Reference Work Entry

Encyclopedia of Autism Spectrum Disorders

pp 2418-2419


  • Cheryl Smith GabigAffiliated withIrving B. Harris Professor of Child Psychiatry, Pediatrics and Psychology Yale University School of Medicine, Chief, Child Psychiatry Children's Hospital at Yale-New Haven Child Study CenterDepartment of Speech-Language-Hearing Sciences, Lehman College/The City University of New York Email author 


Comment; Communicative act


A primitive speech act used to establish social interaction and direct a caregiver’s attention to an object, action, or entity. It is referred to as a protodeclarative because the directed attention to an object, action, or entity by the child acts as a comment in a communicative exchange. A protodeclarative may take several gestural forms including pointing to, showing, or giving of objects. The gesture may or may not be accompanied by a ritualized vocalization. The protodeclarative appears in typically developing children between 8 and 9 months of age. It is thought to demonstrate a shift in cognitive-linguistic development in that its use reflects the child’s conscious intent to initiate social interaction and establish joint attention to an object, action, or entity with a caregiver.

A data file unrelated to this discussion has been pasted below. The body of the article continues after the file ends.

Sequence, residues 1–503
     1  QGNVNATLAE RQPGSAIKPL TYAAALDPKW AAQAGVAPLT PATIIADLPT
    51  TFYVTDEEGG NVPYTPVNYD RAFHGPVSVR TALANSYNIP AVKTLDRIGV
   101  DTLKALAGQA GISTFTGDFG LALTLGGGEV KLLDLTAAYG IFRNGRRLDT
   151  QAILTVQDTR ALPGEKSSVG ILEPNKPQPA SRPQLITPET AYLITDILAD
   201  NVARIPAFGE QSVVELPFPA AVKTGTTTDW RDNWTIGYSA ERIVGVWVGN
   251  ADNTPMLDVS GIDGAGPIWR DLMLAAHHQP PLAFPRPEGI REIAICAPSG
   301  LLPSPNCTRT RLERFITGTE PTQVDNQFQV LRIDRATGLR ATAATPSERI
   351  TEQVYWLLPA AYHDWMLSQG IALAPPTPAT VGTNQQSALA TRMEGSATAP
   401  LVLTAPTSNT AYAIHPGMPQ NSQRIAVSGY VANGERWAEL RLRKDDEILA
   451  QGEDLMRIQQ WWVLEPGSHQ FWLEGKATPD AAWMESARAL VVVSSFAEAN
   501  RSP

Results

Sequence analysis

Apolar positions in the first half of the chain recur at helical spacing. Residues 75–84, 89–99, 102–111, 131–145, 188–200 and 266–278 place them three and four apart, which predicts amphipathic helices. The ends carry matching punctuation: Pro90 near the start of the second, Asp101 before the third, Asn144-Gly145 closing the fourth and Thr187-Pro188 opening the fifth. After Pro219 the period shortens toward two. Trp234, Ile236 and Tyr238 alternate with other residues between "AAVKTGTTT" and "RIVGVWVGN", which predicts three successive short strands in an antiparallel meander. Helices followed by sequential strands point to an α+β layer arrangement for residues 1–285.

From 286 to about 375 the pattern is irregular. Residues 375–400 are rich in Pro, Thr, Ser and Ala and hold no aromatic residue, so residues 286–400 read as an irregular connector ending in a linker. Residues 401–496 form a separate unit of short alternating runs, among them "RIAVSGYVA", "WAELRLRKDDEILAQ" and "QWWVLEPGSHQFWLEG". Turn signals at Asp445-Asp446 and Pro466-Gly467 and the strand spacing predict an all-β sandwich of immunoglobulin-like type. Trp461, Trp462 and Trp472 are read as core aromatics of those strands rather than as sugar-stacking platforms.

Children with autism engage less often in the intentional use of protodeclarative gestures such as pointing, showing, and giving, meant to e ...

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